7 Cherokees honored at inaugural Seven Feathers gala

BY CHAD HUNTER
Reporter
12/10/2019 08:30 AM
Main Cherokee Phoenix
Honorees at the Cherokee Phoenix’s inaugural Seven Feathers Award Gala pose with their awards on Nov. 23 at the Cherokee Casino Tahlequah Chota Center. Back row from left are Richard Tyler, Howard Paden, Zachary Self and Cindy Irwin. Front row from left are Janelle Adair, Kaitlyn Pinkerton and Kirby Williams. CHAD HUNTER/CHEROKEE PHOENIX
TAHLEQUAH – The Cherokee Phoenix held its inaugural Seven Feathers Award Gala on Nov. 23 to honor Cherokees making a difference in their communities.

The winners – nominated by members of the public and selected by Phoenix staff – were Janelle Adair for culture, Cindy Irwin for business, Howard Paden for language, Kaitlyn Pinkerton for health, Zachary Self for education, Richard Tyler for service and Kirby Williams for community.

Paden, the Cherokee Nation’s Cherokee Language Master-Apprentice Program manager, was the night’s first recipient. He called on all Cherokee speakers in the audience to stand and be recognized.

“It’s an honor to have this award,” Paden said. “But I did want to honor our speakers.”

Paden, who was described as a Cherokee “language warrior,” listed a number of CN master speakers. “These are the guys that we think of when we think of awards because of all the things they went through to help us save this language,” he said. “They’re still doing it.”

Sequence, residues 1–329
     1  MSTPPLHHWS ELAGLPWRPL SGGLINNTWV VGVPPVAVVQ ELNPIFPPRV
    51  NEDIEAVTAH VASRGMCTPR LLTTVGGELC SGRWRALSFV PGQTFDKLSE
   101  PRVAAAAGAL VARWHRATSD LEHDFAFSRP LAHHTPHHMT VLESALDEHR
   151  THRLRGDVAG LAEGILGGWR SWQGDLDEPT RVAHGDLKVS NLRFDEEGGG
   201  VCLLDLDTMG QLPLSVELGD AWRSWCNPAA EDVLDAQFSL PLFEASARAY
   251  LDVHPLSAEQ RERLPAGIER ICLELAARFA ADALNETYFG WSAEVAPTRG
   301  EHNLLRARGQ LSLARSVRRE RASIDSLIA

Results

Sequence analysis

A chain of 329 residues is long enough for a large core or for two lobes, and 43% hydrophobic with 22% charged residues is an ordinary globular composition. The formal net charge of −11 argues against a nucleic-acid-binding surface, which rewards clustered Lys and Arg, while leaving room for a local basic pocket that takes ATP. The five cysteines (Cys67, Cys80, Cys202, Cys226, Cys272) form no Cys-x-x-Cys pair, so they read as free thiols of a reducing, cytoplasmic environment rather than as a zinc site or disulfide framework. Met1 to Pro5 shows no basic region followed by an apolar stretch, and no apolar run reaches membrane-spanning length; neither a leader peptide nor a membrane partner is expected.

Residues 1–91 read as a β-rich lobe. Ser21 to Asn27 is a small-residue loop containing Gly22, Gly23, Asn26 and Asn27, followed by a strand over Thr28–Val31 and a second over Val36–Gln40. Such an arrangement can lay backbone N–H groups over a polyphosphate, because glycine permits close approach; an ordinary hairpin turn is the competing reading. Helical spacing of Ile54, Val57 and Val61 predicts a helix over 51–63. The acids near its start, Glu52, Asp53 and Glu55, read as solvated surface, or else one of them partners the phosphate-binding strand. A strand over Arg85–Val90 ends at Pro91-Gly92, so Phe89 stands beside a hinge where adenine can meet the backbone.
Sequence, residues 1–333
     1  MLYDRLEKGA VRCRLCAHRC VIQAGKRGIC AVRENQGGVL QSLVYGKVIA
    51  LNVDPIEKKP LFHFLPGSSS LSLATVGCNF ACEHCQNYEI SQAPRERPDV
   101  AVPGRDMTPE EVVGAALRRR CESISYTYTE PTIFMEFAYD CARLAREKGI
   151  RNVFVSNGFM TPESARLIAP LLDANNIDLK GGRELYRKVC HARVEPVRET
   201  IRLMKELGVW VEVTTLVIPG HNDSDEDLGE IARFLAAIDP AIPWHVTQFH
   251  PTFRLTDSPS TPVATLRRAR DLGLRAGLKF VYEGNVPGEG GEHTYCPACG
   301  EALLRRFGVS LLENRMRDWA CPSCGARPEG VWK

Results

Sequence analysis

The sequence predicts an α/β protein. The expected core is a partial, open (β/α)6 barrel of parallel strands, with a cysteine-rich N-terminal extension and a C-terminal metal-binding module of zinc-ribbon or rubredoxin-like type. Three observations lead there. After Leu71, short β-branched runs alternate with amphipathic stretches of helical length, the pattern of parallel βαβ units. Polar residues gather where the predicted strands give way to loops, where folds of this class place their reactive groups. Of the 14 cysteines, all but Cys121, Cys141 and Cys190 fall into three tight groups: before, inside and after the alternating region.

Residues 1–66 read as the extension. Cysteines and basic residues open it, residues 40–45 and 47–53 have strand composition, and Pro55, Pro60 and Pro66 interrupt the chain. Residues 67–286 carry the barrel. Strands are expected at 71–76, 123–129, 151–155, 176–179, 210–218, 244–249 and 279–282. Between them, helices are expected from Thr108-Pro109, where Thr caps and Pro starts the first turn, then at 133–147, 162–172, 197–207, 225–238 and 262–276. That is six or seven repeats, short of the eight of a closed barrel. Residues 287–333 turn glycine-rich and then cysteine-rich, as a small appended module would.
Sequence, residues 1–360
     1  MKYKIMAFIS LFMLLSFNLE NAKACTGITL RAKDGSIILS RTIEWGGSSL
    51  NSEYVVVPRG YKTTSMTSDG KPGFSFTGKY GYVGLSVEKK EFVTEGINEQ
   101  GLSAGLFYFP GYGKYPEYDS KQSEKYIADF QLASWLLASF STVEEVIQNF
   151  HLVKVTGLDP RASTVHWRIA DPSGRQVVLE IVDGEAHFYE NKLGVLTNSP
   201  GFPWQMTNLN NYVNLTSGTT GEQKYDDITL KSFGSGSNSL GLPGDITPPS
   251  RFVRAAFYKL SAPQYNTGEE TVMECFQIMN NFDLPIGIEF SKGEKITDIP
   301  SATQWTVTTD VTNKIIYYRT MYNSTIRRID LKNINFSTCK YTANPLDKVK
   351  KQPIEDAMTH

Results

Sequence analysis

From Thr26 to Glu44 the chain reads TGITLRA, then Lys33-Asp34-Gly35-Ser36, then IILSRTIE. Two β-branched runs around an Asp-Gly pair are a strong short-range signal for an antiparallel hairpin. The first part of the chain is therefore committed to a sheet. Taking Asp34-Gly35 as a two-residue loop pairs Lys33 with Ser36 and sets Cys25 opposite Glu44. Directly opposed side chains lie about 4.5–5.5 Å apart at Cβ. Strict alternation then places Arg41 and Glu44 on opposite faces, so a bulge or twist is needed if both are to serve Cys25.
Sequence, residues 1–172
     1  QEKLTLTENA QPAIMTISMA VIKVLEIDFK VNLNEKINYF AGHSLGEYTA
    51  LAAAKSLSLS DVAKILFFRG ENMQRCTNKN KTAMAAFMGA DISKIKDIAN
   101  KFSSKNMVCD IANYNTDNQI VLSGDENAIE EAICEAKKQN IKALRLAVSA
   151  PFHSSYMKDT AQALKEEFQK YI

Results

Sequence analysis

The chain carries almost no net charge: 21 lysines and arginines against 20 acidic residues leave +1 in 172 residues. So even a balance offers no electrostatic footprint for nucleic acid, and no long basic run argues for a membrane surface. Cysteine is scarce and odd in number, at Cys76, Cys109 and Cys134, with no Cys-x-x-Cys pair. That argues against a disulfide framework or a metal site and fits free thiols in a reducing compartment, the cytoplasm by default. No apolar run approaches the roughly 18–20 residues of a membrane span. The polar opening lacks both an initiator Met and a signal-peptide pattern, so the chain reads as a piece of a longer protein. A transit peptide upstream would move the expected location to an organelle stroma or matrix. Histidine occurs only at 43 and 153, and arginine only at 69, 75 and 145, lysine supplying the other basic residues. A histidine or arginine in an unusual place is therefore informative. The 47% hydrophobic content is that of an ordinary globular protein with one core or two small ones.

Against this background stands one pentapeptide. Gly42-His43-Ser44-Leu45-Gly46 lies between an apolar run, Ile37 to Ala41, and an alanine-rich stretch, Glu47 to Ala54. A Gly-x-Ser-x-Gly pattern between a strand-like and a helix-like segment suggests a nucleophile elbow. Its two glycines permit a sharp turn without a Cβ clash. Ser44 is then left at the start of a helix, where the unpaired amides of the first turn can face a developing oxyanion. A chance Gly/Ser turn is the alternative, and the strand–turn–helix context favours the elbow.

A former Miss Cherokee, Adair was recognized for her contributions to Cherokee culture.

“I learned after Miss Cherokee was over that people were willing and wanting to hear culture, just going around and sharing a little about myself and the way I was raised,” she said. “I didn’t have to read it in a book. This is who I am. So when I go around and share these things, it’s me.”

Adair works for Cherokee Nation Businesses as a story teller sharing the Cherokee culture and history.

Williams took home the community award. She is the outreach coordinator of the Legal Aid of Nebraska’s Native American Program in Omaha.

“I always wanted to give something back to our tribe and to all Native people if I could,” she said.

Williams raises awareness and promotes prevention of domestic violence, sexual assault, human trafficking and stalking against Native Americans.

“I didn’t want other people to have to go through what I went through,” she said. “I wanted to try to help other survivors of relationship abuse and sexual assault find their resources and not feel as lost and confused and feeling like they have nowhere to turn.”

Tyler was the service award recipient for his efforts to provide food for those less fortunate.

“I think if the community has a need, we’re supposed to meet it,” Tyler said. “This is hard because I didn’t do this for awards. I did it to honor our father in heaven. Without God, I wouldn’t be standing here today.”